The crocodile posted on Friday was correctly identified by Philip Allfrey as a watermark of Queen Elizabeth’s arms encircled by the Garter. In his comments, Mr Allfrey provided a useful account of how he identified the watermark and the letter on which it appears. He also went the extra mile and used various Folger databases and the Gravell Watermark Archive to identify the papermaker, John Spilman!
Watermarks are the result of the papermaking process: a wire design is attached to the wire mesh in the bottom part of a paper mold, the pulp then settles more thinly around the thicker wires of the design as it drains, and thus the watermark becomes visible when viewed through transmitted light.1 Here’s our crocodile watermark:
The motto, fleurs-de-lys, and lions passant are easier to make out when compared to this engraved version of Elizabeth’s coat of arms:And here’s the letter in which the watermark appears, right in the center of the leaf (but not visible in this image):
There is nothing extraordinary about the text of this letter. In it, Francis Walsingham directs Thomas Gresley and Richard Bagot to settle a dispute between William Dethick and William Ward concerning jurisdiction over the manor court at Burton, and he strongly urges Gresley and Bagot to discourage Ward from his “mallitiouse dealinge.”
So what is cool about the letter? Well, Walsingham wrote it in February 1589 on paper produced in England by John Spilman, just days after Spilman received a patent to be the sole producer of white writing paper in England.
First, in order to appreciate this, we need to know who John Spilman was and what the significance of his paper mill was. Spilman, Queen Elizabeth’s jeweler, established a paper mill in Dartford, Kent, in 1588 to manufacture white writing paper. His mill produced the first writing and printing paper in England since John Tate’s short-lived paper mill in the late fifteenth century, and the mill is celebrated in a lengthy 1588 poem by Thomas Churchyard, Discription and playne discourse of paper, and the whole benefites that paper brings, with rehersall and setting foorth in verse a paper myll, built nere Darthford, by an high Germaine, called Master Spilman, Ieweller to the Queenes Maiestie (part of STC 5257). While there were other mills making brown paper for wrapping goods, he was the only maker of “white” paper until much later in the seventeenth century.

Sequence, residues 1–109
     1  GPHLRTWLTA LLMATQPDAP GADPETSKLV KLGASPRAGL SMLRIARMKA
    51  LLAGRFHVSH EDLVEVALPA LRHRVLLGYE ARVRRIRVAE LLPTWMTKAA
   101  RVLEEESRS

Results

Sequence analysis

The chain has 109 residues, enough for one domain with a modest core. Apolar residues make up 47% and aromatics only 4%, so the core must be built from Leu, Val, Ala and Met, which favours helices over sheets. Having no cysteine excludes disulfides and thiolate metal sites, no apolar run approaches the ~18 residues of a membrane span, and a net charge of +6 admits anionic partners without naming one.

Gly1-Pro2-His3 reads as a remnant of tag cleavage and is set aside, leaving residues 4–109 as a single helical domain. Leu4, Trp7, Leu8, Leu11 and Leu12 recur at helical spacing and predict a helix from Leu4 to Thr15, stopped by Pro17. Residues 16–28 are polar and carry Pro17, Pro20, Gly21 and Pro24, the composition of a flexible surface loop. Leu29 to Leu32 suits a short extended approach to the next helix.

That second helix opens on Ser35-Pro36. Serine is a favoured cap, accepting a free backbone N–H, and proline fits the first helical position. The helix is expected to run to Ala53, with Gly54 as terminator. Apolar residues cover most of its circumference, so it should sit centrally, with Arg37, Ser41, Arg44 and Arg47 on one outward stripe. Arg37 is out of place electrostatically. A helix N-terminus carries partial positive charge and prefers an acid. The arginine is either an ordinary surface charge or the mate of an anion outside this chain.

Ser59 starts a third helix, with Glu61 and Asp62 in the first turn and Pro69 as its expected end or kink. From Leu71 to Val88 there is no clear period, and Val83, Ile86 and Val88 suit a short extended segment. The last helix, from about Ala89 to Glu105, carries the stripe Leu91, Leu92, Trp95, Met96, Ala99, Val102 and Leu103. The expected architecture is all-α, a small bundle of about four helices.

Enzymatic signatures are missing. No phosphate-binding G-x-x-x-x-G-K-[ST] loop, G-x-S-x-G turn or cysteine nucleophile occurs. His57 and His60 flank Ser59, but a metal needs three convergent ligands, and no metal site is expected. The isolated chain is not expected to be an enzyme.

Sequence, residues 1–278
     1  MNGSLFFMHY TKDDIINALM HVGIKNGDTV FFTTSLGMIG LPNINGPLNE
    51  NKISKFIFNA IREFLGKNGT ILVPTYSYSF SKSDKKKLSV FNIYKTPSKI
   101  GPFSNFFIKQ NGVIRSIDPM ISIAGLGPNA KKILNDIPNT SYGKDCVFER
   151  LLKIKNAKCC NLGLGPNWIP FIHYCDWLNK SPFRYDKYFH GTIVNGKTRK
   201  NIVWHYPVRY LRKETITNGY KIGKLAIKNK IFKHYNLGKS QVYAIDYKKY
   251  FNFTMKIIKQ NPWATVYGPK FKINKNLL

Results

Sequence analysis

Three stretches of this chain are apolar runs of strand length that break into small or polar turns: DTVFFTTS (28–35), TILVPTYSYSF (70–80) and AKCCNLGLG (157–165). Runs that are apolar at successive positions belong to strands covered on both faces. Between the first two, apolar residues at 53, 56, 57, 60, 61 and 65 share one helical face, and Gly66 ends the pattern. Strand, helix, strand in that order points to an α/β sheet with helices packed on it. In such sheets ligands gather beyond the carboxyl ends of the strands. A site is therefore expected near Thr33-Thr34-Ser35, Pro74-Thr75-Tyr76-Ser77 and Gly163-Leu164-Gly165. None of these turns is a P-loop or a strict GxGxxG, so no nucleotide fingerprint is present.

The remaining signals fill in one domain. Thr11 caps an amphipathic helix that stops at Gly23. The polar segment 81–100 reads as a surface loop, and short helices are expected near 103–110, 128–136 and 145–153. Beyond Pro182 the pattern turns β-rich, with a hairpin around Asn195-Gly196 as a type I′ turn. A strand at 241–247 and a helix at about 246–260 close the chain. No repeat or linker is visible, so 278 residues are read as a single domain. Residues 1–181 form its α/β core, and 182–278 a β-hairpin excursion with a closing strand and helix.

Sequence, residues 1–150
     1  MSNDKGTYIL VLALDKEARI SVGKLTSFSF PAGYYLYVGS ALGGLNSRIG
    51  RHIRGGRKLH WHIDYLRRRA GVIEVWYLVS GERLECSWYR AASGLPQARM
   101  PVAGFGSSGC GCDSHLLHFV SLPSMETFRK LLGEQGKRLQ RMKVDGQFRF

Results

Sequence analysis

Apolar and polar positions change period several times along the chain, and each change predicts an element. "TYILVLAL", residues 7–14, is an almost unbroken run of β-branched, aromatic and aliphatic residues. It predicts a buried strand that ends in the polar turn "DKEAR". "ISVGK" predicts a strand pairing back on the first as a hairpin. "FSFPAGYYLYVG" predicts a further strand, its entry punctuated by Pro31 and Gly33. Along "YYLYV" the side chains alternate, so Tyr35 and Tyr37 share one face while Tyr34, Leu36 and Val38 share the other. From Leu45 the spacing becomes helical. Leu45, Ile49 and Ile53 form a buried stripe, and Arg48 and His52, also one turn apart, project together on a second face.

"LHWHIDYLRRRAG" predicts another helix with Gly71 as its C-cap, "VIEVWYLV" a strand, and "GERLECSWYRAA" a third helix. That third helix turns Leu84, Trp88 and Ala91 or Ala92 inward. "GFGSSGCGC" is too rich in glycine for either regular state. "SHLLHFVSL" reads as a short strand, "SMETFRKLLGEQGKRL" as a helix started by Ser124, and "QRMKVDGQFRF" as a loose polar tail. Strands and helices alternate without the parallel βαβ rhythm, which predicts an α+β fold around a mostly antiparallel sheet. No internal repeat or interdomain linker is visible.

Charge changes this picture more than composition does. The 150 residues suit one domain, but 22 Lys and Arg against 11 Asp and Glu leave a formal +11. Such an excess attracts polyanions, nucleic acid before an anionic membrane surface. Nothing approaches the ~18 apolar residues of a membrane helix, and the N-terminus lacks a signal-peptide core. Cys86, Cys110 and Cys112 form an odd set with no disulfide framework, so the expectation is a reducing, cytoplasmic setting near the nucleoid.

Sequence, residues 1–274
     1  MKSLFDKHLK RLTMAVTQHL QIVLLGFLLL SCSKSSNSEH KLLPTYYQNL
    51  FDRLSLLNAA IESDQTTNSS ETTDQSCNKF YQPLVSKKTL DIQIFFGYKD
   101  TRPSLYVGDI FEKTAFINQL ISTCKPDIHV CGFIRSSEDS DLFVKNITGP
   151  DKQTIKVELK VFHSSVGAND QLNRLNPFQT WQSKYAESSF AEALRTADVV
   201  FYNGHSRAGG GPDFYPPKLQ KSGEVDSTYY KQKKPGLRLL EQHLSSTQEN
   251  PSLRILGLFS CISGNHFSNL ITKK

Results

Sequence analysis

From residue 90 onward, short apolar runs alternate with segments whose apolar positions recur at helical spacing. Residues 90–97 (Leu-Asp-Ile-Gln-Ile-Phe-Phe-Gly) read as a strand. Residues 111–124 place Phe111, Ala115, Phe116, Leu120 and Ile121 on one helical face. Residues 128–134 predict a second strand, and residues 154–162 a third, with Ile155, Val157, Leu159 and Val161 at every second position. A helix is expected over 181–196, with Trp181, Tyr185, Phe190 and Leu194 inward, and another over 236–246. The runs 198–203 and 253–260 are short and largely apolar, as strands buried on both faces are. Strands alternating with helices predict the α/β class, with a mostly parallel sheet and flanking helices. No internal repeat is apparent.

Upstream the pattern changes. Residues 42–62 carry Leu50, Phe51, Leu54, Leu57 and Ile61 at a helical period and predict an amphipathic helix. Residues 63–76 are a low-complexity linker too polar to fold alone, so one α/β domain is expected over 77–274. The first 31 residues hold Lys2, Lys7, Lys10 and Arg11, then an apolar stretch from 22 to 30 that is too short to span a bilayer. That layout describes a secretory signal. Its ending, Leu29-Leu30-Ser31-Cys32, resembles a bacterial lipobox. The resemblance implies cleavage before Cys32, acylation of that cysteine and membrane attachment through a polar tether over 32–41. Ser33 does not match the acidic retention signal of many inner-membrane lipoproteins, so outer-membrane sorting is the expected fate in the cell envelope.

In order to further appreciate this, we need to know a bit more about Walsingham’s role in Spilman’s paper mill. On October 30, 1588 (about 12 weeks before he wrote his letter to Bagot and Gresley), Walsingham addressed a warrant to local officials ordering them to send “all suche highe Germaines that be workmen with Mr Spilman her Maiesties Jeweller in his Paper mill” to appear before the Privy Council, “where they shall knowe the cause of thier staye and sendinge for” (The National Archives, SP 12/217, fol. 114). Assuming that the summons to Privy Council resulted in the skilled foreign papermakers being allowed to remain in England, did Spilman provide Walsingham with a supply of paper in gratitude for his assistance? Or did Spilman become, as some have argued, an official supplier of royal stationery? Given the presence of Spilman watermarks (the arms with Garter, a crowned ER cipher, and perhaps, a crowned Tudor rose) in letters written at Court, this is certainly possible.
At a time when almost ALL paper was imported to England from the continent, it is very exciting to encounter examples of truly English paper. Henry Woudhuysen and I are currently collecting examples of Spilman watermarks in order to get a better sense of the extent to which Spilman’s paper circulated both inside and outside the court, so if you happen to notice any of his watermarks, we would be grateful for references or pictures.